As Ghossoub explained it during the interview, because of the similarities between the Chinese gaming market and the Middle East one, especially in terms of piracy, the Chinese gaming freemium model perfectly fits the Middle East, and this contributed a lot to the huge and fast growth of Falafel Games.

Moreover, this model can be very lucrative, especially because of new consumption behaviors. On the one hand, what’s becoming important for costumers is not the way they have a social life, as long as they have one. It can be virtual, online or offline, this doesn’t matter anymore.

“So when you think about it, if I want to go out with my friends today and watch a movie, let’s say, we’re going to spend ¥100 or ¥200 per person, basically we’re watching a movie and spending time together while increasingly we are spending time together online, separate physically, but spending time online and we can get that same movie for ¥2 or for a ¥20 subscription or ¥30 VIP subscription on some video-on-demand platform or something. So that’s online entertainment.”

In the gaming industry, it works exactly the same way. Instead of going out to play with friends, people are more and more willing to pay to have a better gaming experience online with their friends. Anyway, it will still remain cheaper.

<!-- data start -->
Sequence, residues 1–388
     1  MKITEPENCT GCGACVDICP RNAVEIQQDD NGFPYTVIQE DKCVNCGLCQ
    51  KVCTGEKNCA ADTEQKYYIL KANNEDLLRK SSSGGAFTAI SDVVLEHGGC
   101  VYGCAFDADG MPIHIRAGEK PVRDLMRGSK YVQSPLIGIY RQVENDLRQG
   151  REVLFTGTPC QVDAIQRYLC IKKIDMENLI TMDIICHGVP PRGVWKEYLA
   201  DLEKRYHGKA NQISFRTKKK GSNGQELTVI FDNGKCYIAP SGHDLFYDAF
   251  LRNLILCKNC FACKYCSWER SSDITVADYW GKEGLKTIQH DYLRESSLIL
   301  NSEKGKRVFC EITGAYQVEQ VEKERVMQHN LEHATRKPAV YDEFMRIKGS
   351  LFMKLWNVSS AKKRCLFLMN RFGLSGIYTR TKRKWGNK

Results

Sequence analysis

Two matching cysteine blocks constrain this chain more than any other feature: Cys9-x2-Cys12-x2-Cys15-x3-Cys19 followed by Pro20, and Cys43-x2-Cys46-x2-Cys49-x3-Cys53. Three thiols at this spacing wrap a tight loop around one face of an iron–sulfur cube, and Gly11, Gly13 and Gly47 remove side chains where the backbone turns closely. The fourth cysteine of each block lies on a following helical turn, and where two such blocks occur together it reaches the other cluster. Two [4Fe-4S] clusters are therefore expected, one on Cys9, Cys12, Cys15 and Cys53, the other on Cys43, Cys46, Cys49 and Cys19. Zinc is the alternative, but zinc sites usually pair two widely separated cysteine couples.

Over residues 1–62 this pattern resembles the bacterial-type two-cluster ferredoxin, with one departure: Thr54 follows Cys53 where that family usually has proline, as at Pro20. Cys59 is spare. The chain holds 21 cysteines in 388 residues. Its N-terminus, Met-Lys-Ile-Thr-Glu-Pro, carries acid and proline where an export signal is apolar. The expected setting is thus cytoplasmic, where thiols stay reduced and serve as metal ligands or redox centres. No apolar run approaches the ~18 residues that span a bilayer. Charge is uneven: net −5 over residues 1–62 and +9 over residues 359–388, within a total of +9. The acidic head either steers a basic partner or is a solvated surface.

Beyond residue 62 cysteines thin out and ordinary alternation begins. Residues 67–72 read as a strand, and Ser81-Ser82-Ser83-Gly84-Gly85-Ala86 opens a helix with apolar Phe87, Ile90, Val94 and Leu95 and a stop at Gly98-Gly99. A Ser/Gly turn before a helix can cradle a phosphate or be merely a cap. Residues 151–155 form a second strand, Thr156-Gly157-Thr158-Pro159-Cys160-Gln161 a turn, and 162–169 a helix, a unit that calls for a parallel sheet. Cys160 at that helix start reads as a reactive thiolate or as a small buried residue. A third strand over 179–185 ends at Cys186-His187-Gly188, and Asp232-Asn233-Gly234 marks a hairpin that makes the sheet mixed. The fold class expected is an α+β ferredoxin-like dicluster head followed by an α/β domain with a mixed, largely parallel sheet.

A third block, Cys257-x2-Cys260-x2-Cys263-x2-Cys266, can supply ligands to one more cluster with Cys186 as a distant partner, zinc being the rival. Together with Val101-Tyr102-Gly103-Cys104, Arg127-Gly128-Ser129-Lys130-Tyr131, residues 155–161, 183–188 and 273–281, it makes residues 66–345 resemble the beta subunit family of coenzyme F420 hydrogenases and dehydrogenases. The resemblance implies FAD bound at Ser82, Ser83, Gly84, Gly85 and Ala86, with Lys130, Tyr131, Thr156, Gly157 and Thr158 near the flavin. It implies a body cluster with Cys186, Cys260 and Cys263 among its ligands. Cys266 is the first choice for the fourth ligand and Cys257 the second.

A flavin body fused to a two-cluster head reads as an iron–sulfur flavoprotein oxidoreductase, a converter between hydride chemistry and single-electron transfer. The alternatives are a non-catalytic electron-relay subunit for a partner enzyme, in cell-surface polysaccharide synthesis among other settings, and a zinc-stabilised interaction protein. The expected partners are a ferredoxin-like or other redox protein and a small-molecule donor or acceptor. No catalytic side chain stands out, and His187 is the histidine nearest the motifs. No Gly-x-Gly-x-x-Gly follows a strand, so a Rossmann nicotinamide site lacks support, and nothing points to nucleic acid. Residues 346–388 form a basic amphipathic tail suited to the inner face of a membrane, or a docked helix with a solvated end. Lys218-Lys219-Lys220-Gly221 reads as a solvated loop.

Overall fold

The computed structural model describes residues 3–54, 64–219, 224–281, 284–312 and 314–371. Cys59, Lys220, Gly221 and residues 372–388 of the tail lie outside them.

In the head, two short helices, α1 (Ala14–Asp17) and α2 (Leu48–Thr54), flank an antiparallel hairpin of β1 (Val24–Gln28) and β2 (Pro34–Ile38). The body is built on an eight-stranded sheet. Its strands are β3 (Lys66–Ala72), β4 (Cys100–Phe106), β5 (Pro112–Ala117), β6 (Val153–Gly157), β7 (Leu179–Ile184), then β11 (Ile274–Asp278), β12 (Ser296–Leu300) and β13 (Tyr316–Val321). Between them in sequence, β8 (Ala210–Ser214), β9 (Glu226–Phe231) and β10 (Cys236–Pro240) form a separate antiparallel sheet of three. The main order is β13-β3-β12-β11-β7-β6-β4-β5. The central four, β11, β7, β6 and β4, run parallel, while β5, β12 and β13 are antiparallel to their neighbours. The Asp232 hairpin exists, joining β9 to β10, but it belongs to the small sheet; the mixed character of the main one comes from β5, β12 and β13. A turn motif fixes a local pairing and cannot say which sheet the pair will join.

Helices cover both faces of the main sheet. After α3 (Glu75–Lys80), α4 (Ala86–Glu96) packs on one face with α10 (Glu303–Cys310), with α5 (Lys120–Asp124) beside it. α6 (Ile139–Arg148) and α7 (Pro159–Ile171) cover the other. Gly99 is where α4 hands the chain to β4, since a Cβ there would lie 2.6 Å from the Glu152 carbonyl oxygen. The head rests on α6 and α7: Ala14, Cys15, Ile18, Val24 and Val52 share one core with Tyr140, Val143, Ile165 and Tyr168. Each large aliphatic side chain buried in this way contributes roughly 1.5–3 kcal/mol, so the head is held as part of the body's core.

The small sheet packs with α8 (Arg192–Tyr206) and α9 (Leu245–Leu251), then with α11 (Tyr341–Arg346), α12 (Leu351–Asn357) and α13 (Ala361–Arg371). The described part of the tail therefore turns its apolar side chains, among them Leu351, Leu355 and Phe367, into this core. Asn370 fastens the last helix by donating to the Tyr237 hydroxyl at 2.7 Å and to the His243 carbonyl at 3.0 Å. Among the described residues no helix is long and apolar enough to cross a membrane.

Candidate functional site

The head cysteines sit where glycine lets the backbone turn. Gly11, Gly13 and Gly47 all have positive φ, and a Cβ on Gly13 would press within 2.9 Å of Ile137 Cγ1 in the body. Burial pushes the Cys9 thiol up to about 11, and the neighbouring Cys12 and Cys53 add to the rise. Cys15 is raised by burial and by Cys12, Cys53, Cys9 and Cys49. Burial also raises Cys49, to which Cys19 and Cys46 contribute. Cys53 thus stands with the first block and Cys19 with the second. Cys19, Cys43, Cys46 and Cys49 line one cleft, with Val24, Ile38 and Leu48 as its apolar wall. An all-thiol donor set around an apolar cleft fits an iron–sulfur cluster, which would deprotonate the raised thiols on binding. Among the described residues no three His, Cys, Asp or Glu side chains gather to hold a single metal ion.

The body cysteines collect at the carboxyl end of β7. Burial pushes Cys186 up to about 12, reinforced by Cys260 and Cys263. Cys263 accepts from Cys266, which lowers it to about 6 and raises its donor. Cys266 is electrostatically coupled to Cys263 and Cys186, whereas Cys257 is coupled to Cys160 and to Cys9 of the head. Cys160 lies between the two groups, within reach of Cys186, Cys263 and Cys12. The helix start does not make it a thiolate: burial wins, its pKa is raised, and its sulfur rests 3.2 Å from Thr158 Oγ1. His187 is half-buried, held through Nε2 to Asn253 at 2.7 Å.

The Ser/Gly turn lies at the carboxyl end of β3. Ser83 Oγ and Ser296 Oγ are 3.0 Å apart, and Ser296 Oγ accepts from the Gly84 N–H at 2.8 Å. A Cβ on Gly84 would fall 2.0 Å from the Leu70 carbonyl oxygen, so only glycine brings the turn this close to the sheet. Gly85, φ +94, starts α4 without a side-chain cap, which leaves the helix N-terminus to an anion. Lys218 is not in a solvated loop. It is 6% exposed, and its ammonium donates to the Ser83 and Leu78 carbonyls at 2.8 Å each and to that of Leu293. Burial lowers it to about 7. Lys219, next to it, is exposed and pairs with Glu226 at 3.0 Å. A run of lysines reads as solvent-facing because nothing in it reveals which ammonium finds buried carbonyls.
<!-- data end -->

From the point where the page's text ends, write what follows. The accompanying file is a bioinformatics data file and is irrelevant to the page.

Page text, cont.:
Secondly, the Chinese gaming freemium model also relies on the psychology of each player. According to Vincent, there are different kinds of players, and some of them are what we can call “killers”. For them, the main objective is to become the best and paying for additional content and bonus is a good way to reach this goal. It progressively becomes an addiction, and it is a way for them to show their “online social status”.

Follow the upcoming trends: live streaming development in China

Although Falafel Games is already pretty well established, Vincent Ghossoub didn’t stop there and intend to diversify the activities of its company, especially thanks to a new rising and popular trend, the live streaming development in China.